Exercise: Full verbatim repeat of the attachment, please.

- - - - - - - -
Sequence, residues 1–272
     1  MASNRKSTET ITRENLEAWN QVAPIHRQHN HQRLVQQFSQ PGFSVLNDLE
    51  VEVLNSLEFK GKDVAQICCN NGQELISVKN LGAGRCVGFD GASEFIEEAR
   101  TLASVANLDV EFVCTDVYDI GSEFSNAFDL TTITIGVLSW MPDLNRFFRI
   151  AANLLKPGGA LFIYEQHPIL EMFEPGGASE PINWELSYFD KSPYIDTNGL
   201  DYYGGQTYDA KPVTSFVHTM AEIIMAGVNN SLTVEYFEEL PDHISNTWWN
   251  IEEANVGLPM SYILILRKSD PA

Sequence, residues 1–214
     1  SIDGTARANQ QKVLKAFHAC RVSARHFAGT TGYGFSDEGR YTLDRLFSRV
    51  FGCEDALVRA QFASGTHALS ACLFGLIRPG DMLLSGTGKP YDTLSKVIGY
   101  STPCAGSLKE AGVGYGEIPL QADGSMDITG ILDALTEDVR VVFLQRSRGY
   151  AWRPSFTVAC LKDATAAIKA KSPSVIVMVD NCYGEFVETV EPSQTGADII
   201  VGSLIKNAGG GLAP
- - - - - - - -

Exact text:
Sequence, residues 1–272
     1  MASNRKSTET ITRENLEAWN QVAPIHRQHN HQRLVQQFSQ PGFSVLNDLE
    51  VEVLNSLEFK GKDVAQICCN NGQELISVKN LGAGRCVGFD GASEFIEEAR
   101  TLASVANLDV EFVCTDVYDI GSEFSNAFDL TTITIGVLSW MPDLNRFFRI
   151  AANLLKPGGA LFIYEQHPIL EMFEPGGASE PINWELSYFD KSPYIDTNGL
   201  DYYGGQTYDA KPVTSFVHTM AEIIMAGVNN SLTVEYFEEL PDHISNTWWN
   251  IEEANVGLPM SYILILRKSD PA

Sequence, residues 1–214
     1  SIDGTARANQ QKVLKAFHAC RVSARHFAGT TGYGFSDEGR YTLDRLFSRV
    51  FGCEDALVRA QFASGTHALS ACLFGLIRPG DMLLSGTGKP YDTLSKVIGY
   101  STPCAGSLKE AGVGYGEIPL QADGSMDITG ILDALTEDVR VVFLQRSRGY
   151  AWRPSFTVAC LKDATAAIKA KSPSVIVMVD NCYGEFVETV EPSQTGADII
   201  VGSLIKNAGG GLAP